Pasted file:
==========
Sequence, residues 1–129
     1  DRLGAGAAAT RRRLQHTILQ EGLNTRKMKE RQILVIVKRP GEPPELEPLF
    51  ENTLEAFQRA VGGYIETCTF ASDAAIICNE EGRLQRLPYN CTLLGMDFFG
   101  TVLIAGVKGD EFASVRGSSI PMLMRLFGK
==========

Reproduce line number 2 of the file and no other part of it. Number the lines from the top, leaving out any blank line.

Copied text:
     1  DRLGAGAAAT RRRLQHTILQ EGLNTRKMKE RQILVIVKRP GEPPELEPLF